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New Font System

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I've completed addition of a new EDF font engine for Eternity. There are two types of fonts that can be specified: patch fonts, which work like the traditional type of DOOM font, where each letter has its own patch graphic; and block fonts, where the entire font is stored in a single graphic and is blitted to the screen with a very fast masked block drawing routine.

The full EDF specification:

font <mnemonic>
   id             = <number>  
   start          = <number> OR <char>
   end            = <number> OR <char>
   linesize       = <number>
   spacesize      = <number>
   widthdelta     = <number>
   tallestchar    = <number>
   centerwidth    = <number>
   colorable      = <boolean>
   uppercase      = <boolean>
   blockcentered  = <boolean>
   patchnumoffset = <number>

   linearformat = <string>
   linearlump   = <string>

   // One or more of the following are required:
      // A filter must either specify THESE:
      start = <number> OR <char>
      end   = <number> OR <char>

      // OR this:
      chars = { <number> OR <char>, ... }

      // Mask is required and can contain one and only
      // one optional C printf integer or character
      // formatting sequence
      mask = <string>
Explanation of the fields:
  • id : This is the numeric ID of the font, which is useful in Small scripting for setting the font to HUD widgets.
  • start : The first character in the font, in ASCII order.
  • end : The last character in the font, in ASCII order.
All of the following fields are only relevant to patch fonts:
  • linesize : The amount to step in y coords when a line break is hit.
  • spacesize : Width of a blank space (including characters with no patch specified).
  • widthdelta : An amount subtracted from the width of a character when stepping in x coords to the next character. "1" is a typical value, used by the main Heretic font for example.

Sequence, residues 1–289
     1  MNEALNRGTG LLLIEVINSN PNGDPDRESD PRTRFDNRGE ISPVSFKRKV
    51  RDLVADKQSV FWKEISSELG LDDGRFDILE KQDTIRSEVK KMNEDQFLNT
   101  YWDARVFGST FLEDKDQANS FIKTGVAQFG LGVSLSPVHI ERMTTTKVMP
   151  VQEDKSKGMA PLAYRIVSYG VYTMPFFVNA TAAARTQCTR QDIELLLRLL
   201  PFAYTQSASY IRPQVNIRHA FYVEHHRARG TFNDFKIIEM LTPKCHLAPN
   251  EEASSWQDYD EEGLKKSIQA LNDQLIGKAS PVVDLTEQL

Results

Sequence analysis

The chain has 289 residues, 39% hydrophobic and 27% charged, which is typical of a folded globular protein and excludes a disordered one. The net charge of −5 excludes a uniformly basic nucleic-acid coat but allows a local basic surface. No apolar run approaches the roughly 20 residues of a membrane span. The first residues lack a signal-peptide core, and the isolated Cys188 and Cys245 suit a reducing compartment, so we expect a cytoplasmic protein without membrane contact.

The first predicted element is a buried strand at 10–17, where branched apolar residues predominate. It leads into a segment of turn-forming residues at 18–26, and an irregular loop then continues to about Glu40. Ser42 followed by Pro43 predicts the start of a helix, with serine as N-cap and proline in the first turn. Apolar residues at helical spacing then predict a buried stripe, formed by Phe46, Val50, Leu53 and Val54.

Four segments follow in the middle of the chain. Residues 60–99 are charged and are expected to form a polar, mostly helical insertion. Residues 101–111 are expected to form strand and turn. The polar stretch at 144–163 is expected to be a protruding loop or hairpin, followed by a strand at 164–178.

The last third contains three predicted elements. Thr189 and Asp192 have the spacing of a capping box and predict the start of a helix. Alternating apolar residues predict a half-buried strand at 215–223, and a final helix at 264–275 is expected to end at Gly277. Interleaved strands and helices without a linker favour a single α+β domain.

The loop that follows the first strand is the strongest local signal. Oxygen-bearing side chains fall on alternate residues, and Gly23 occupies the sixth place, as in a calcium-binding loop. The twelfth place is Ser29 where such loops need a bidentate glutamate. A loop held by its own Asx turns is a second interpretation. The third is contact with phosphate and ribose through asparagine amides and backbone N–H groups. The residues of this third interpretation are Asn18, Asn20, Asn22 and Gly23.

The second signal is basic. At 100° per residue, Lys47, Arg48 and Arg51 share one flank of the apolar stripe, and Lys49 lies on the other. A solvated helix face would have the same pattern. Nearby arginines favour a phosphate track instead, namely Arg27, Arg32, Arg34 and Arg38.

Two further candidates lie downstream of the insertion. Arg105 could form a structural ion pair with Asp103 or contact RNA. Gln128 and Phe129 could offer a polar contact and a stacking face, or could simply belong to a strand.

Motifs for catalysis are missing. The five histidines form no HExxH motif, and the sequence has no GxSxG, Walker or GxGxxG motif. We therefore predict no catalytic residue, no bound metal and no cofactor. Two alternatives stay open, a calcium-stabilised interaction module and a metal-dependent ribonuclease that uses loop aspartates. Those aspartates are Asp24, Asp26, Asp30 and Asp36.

• tallestchar : The absolute tallest character in the font. Needed for situations when text is drawn relative to the bottom of a clipping rectangle (such as the screen buffer).
  • centerwidth : Used for block-centered fonts only. Characters are centered within squares of this size. Hard to understand, and rarely needed.
  • colorable : This font does/doesn't support text color translations.
  • uppercase : This font does/doesn't treat text as all-caps.
  • blockcentered : Centers each character within uniformly spaced blocks of "centerwidth" size; really a special hack for the Heretic intermission screen...
  • patchnumoffset : An amount to subtract from the character amount when calculating the number that is part of a patch font's lump names. For Heretic FONTA and all gamemodes' FONTBs, this value is 32.
To make a block font is drastically more simple. You only have to specify one field if the lump format is linear (raw, headerless 8-bit like Heretic's title screen, or a flat); this increases to two fields if the format is a patch (which is converted into a linear block of data at runtime):
  • linearlump : The lump to use for the entire block font.